Exp d'Assouan de 1999 : Scie de 14.5kg

Categorie Mégalithe 1
Categorie Mégalithe 2

Référence - Mégalithe




Experiments in Egyptian Archaeology: Stoneworking Technology in Ancient Egypt
129. While the small-scale Manchester tests established the initial sawing and drilling data, it is now instructive to see how the large-scale tests proceeded in Aswan. In March 1999, an opportunity arose to saw and drill the rose granite in a quarry located on the edge of the southern Egyptian town of Aswan. Several Egyptian quarry workers operated a 1.8 m-long copper saw and an 8 cm-diameter copper drill-tube, which was taken to Egypt with its driving bow. These sawing and drilling experiments were undertaken to test two theoretical propositions59: that two- and three-worker teams were required to drive large ancient saws (Figure 4.19) and tubular drills (Figure 4.20) respectively. The saw and the drill-tube were tested upon the rose granite under realistic ancient conditions, and the results compared with those obtained from the previous experiments conducted with the much smaller reconstructed copper saws and drills in Manchester.60 Each Aswan tool used locally obtained sand as the cutting abrasive. The unused 1.8 m-long copper saw blade, stood on its edge, measured 15 cm in depth, 6 mm in thickness and weighed 14.5 kg. The quarry workers had previously, and unnecessarily, fitted a heavy wooden frame to this saw blade, as well as notching it numerous times along the cutting edge with an electric abrasive wheel; no doubt, they understandably were influenced by modern working practices. Nevertheless, for comparison with a completely flat edge acting on dry sand abrasive, it was decided to test the notched edge with very wet, fluid sand along a granite block’s width of 75 cm, its surface initially pounded flat along the line of sawing.

130. Two workers pushed and pulled the saw from opposite sides of the block. The blade rocked from side to side during each forward and backward movement, creating a V-shaped slot.61 At a depth of 8 cm, the V’s cross-sectional shape measured 2.5 cm at the top and 6 mm at the bottom, each side angled at 7° to the vertical. This V-shaped slot is similar to the two partially sawn slots seen in Hordjedef’s rose granite sarcophagus in the Cairo Museum, and saw-slots cut into a basalt pavement block near Khufu’s pyramid at Giza.62 The laterally curved bottoms of these slots are a further consequence of the rocking action of the ancient saw blade, which itself would have assumed a laterally curved shape along its cutting edge. These phenomena occurred in the wet and the dry sand-sawing experiments. Long parallel striations of varying depths and widths, similar to those seen in ancient stone objects, were visible on the sides and the bottom of the slot, and upon the saw’s individual flat edges between the notches. There was extensive pitting to the sides of the saw, also seen in the subsequent dry sawing test. In both the wet and the dry tests, the extra granite abraded to form the V-shape has been disregarded when calculating the cutting rate. It was noticeable that the sand had to be kept fluid; drying-out sand rapidly increased an already significant effort to move the saw. The used sand powder slurry poured over each end of the slot, its copper content largely washed away into the ground below.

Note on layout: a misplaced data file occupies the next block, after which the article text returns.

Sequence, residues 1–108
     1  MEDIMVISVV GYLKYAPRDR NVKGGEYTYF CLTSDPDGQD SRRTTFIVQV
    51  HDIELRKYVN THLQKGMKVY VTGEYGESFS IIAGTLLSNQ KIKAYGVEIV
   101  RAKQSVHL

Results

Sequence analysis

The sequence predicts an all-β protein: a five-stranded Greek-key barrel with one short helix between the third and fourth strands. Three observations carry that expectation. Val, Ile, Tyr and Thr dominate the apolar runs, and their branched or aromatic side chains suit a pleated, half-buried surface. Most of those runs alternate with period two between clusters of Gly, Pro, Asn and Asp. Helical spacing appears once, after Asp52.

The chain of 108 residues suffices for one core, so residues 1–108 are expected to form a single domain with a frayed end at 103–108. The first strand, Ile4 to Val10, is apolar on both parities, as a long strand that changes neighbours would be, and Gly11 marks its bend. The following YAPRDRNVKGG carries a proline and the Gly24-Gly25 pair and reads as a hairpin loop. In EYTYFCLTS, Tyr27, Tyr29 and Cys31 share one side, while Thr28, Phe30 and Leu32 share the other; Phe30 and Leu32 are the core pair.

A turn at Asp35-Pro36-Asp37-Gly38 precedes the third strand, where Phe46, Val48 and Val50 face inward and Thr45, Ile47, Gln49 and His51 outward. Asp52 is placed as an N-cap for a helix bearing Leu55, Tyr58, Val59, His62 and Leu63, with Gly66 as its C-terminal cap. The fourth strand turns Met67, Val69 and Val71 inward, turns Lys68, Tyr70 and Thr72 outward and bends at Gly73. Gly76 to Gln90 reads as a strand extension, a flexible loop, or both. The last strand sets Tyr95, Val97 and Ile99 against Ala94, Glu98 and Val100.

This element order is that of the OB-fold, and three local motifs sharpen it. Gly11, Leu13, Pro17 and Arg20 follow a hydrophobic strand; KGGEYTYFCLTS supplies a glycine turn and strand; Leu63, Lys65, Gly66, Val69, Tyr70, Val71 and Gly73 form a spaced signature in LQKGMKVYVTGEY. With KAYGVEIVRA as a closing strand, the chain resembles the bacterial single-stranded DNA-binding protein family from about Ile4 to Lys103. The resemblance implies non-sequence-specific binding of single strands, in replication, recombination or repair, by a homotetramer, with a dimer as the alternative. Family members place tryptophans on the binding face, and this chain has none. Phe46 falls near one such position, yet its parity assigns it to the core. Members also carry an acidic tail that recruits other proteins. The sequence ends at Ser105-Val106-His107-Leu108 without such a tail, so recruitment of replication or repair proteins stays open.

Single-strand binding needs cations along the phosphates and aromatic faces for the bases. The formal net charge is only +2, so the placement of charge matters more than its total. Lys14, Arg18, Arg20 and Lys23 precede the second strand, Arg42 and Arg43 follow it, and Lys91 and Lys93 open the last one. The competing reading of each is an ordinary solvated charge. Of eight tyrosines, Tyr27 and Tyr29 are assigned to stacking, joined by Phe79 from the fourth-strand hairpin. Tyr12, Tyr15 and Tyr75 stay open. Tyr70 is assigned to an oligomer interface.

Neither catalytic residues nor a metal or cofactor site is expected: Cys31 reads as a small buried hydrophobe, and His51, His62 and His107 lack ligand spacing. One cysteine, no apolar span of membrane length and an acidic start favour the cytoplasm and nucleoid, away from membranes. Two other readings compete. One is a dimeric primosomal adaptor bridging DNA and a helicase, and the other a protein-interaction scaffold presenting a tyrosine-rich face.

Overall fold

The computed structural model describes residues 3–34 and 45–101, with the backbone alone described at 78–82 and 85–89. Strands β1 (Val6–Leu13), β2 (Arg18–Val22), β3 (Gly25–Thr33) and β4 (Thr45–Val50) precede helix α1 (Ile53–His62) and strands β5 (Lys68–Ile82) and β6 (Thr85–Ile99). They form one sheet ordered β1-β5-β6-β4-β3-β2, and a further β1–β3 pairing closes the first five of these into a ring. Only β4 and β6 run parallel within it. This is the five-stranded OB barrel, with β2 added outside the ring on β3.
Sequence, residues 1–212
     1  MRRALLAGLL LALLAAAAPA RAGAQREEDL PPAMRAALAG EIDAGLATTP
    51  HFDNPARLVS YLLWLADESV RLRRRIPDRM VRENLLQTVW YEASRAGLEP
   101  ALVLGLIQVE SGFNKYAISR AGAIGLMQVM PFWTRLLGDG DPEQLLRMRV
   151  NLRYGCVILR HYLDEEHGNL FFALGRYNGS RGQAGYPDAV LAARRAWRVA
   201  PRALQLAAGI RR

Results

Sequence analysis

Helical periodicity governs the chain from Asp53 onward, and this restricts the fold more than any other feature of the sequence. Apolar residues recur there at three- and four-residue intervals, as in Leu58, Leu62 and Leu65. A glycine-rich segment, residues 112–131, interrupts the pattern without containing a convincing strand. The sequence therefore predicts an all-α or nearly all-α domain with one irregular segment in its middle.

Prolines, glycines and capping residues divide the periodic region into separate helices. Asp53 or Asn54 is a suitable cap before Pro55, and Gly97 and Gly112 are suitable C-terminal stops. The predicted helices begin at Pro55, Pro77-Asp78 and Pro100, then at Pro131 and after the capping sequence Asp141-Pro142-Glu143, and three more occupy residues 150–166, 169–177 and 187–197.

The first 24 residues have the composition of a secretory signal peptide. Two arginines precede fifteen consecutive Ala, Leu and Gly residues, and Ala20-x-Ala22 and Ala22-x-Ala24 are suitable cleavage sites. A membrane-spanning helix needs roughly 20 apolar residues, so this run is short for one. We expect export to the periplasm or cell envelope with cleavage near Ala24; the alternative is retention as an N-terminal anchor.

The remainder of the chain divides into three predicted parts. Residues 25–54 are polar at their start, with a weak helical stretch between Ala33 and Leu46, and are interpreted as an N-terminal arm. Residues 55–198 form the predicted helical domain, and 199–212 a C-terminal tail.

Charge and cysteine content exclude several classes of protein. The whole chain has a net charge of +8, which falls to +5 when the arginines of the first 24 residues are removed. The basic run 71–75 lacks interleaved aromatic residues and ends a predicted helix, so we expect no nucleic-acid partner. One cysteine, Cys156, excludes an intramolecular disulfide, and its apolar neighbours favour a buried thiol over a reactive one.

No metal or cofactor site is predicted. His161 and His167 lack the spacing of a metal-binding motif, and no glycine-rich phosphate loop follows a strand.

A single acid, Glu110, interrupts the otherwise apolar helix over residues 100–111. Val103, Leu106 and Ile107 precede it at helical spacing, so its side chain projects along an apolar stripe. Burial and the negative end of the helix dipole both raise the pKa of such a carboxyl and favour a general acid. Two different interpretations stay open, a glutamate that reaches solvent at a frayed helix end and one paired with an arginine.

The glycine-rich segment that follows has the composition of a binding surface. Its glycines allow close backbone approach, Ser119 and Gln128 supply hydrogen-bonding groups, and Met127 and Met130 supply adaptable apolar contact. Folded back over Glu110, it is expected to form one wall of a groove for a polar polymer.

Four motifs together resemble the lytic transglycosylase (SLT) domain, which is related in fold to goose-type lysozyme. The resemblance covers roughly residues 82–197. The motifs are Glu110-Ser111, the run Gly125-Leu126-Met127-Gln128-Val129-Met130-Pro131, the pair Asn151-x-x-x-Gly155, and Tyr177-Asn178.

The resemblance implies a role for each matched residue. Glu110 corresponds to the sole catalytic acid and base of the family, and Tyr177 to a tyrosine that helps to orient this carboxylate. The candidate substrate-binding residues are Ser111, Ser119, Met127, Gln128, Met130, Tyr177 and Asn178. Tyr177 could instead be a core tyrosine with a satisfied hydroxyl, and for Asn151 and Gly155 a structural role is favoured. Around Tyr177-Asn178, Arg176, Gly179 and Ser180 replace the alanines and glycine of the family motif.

For the tests with the dry sand abrasive, the wooden frame was removed and the blade reversed to allow its completely flat top edge to operate on the stone; the granite block’s width at the point of sawing was 95 cm. The blade was now weighted with four stones (see Figure 6.3), two tied on to each end of the blade (first suggested in 1986);63 these four stones, weighing 32 kg, also acted as handles for the sawyers. The saw’s total weight of 45 kg placed a load of nearly 1 kg/cm2 upon the blade’s edge in contact with the granite.

131. Similar parallel striations to ancient ones, and to those obtained in the Manchester sawing tests, were visible on the sides and the bottom of the slot, and upon the saw’s continuous flat edge. The angular crystals embedded into the edge and striated the stone under the blade and along the saw-slot’s walls, sometimes causing new striations, at other times reinstating old ones, as the blade moved backwards and forwards along the stone. The rate of dry cutting was just over 12 cm3/hour, similar to the wet abrasive result. It was noticeable that the effort to reciprocate the saw using the dry sand was easier than for the wet sand abrasive. The used dry sand powder, grey in colour, poured over each end of the slot, its copper content intact.




Abrasion - Forage tubulaire et Scie en Cuivre : Exp. d'Assouan